How Not to Stop Police Violence.

Dash camera footage shows violent arrest of Sandra Bland. CREDIT: Associated Press

Dash camera footage shows violent arrest of Sandra Bland. CREDIT: Associated Press.

As the fight to end police violence rages on across the country, a state senator in Texas wants high schoolers to learn how to communicate with law enforcement during traffic stops. But the proposed curriculum assumes that the people targeted during those stops are the problem— not the officers.

Sen. John Whitmire (D-Houston) is currently eyeing legislation that would require schools to teach ninth graders about encounters with police on the road. Noting that there’s a deep-seated mistrust of police, he wants the Texas Board of Education to ensure that young people learn what their rights are early on. But Whitmire, who says his idea was inspired by Sandra Bland’s violent arrest and subsequent death in custody, also wants students to learn how they should behave around officers who pull them over.

“Ms. Bland’s tragedy is a huge motivation for me to hold the officer accountable and also assist the public in some of the better practices when they encounter law enforcement,” he told the Texas Tribune. “[If] Ms. Bland and the officer would have taken a deep breath, I don’t believe she would have been taken to jail, where she ultimately met her fate, unfortunately because she was not treated right when she got to jail.”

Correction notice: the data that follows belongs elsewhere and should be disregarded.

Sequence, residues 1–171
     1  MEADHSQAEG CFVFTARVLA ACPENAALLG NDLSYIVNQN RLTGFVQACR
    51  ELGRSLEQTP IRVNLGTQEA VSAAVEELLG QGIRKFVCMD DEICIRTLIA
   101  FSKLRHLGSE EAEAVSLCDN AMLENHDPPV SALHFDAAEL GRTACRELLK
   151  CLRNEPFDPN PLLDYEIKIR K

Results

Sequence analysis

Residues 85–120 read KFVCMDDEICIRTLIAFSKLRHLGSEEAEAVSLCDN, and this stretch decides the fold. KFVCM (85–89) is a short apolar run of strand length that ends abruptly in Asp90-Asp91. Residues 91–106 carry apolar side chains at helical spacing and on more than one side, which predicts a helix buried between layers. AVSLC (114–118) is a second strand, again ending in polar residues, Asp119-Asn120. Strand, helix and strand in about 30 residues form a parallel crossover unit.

She wasn’t treated right? She was murdered, Senator. Dead, never coming back. That’s more than not being “treated right”, we aren’t talking about cops being rude.

As for teenagers in Texas, it’s impossible to know if officers will shoot them during traffic stops — even if they’re obeying orders and expressing their rights in a respectful way. While Whitmire said that officers should also let go of the “‘I caught you’ mentality,” his proposal still puts the responsibility of de-escalation on teenagers, rather than the adults hired to serve and protect them.

Local police officers included in conversations about the proposed legislation agree that the responsibility to reduce tension during a stop shouldn’t fall on officers’ shoulders.

“On the side of the street is not the place to litigate what you believe the officer is doing is wrong or what the officer believes you are doing wrong,” Executive Director Kevin Lawrence of the Texas Municipal Police Association explained to the Tribune. “It needs to be a better understanding by our general citizenry of what law enforcement is expecting of them. They need to understand that when they’re being contacted by a law enforcement officer — we’ll just take a traffic stop as an example — they need to think about that stop from the officer’s point of view, not their own.”